“The ability to reduce the radiation dose for many women is another step forward for breast cancer screening with mammography — which saves thousands of lives each year,” said R. Edward Hendrick, PhD, lead author of the study.
The American College of Radiology Imaging Network (ACRIN) Digital Mammographic Imaging Screening Trial (DMIST) published in 2005, enrolled 49,528 women and found that digital mammography detected significantly (up to 28 percent) more cancers than film mammography in women younger than 50 years of age, premenopausal and preimenopausal women, and women with dense breasts.
In this latest DMIST study, published in AJR, technical data from 5,102 DMIST participants were evaluated, demonstrating that the dose received by women imaged with digital mammography was significantly lower than that received by the same women imaged with standard film mammography.
“The average breast radiation dose per view was 2.37 mGy for film mammography and 1.86 mGy for digital (22 percent lower for digital than film mammography),” said Hendrick.
Digital mammography is similar to conventional except with digital, X-ray images are collected on a digital detector and stored on a computer rather than being collected and stored on film. “While the radiation dose from both film and digital mammography are low, further dose reduction is an added benefit of digital mammography over and above its ability to better detect cancers in women with dense breasts,” said Hendrick.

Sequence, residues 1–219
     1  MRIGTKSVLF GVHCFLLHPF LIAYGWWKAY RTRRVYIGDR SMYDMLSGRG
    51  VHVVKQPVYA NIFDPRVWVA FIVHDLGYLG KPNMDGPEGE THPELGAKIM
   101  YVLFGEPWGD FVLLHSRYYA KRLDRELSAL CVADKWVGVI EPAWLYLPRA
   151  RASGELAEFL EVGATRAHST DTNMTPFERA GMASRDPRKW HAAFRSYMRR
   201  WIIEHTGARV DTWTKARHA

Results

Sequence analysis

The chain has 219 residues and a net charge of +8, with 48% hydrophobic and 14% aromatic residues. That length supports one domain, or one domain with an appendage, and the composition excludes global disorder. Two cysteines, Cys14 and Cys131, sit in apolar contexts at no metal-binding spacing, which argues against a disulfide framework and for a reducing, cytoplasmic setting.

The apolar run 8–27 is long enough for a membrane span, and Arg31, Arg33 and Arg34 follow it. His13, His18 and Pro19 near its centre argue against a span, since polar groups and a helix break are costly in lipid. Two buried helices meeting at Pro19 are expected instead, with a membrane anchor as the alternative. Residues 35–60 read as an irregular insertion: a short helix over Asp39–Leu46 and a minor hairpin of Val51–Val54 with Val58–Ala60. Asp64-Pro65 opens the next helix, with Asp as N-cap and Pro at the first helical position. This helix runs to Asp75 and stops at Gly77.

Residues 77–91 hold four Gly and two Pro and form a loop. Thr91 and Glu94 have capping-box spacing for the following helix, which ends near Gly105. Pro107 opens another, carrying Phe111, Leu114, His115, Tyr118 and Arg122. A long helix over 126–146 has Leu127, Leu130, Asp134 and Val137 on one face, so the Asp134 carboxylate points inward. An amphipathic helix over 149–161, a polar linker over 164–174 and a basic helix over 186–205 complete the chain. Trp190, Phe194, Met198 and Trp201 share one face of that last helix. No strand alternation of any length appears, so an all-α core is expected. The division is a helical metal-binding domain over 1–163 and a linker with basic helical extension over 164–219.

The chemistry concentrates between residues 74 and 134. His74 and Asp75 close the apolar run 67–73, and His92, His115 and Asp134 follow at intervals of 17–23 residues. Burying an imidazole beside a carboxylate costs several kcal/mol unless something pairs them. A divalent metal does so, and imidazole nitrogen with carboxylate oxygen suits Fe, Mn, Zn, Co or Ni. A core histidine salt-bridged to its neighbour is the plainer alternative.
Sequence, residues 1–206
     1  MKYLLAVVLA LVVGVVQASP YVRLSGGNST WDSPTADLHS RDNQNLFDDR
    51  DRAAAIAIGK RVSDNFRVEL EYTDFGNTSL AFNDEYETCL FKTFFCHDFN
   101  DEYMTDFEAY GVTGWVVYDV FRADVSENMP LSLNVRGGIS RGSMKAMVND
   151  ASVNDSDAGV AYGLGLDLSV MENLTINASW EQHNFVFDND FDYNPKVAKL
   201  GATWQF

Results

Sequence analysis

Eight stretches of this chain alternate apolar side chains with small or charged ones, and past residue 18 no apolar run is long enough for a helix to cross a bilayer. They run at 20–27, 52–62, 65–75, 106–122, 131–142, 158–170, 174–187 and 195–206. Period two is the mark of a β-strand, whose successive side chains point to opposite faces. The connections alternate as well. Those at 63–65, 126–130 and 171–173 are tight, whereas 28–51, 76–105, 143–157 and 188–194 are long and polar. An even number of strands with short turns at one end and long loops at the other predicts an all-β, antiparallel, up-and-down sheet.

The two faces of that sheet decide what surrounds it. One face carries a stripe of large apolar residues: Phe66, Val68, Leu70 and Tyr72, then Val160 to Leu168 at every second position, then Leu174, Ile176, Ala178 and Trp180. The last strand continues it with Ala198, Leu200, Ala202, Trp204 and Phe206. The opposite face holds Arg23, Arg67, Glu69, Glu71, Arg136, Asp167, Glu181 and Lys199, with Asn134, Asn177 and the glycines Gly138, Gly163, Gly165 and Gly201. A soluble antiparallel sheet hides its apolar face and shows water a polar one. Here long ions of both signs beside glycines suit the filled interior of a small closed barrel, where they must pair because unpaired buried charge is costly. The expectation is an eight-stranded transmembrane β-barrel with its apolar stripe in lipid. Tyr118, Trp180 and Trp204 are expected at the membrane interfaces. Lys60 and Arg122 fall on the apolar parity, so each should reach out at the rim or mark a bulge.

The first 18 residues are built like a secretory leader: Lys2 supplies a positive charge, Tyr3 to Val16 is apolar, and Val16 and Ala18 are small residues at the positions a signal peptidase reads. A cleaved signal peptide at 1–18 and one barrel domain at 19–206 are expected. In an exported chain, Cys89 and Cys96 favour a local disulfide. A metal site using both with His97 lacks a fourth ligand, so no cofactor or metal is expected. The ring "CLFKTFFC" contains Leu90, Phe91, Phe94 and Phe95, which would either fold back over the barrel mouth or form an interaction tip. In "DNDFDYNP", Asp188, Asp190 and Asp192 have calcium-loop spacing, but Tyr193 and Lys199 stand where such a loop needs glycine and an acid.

Access to digital mammography continues to increase. More than 60 percent of U.S. breast imaging facilities offer digital mammography and more are acquiring digital services each month. “As digital mammography has now been shown to significantly lower the radiation dose, it is likely that access to it will continue to grow,” said Hendrick.
This study appears in the February issue of the American Journal of Roentgenology. For a copy of the full study or to request an interview with Dr. Hendrick, please contact Heather Curry via email at email@example.com or at 703-390-9822.
The American Roentgen Ray Society (ARRS) was founded in 1900 and is the oldest radiology society in the United States. Its monthly journal, the American Journal of Roentgenology, began publication in 1906. Radiologists from all over the world attend the ARRS annual meeting to participate in instructional courses, scientific paper presentations and scientific and commercial exhibits related to the field of radiology. The Society is named after the first Nobel Laureate in Physics, Wilhelm Röentgen, who discovered the x-ray in 1895.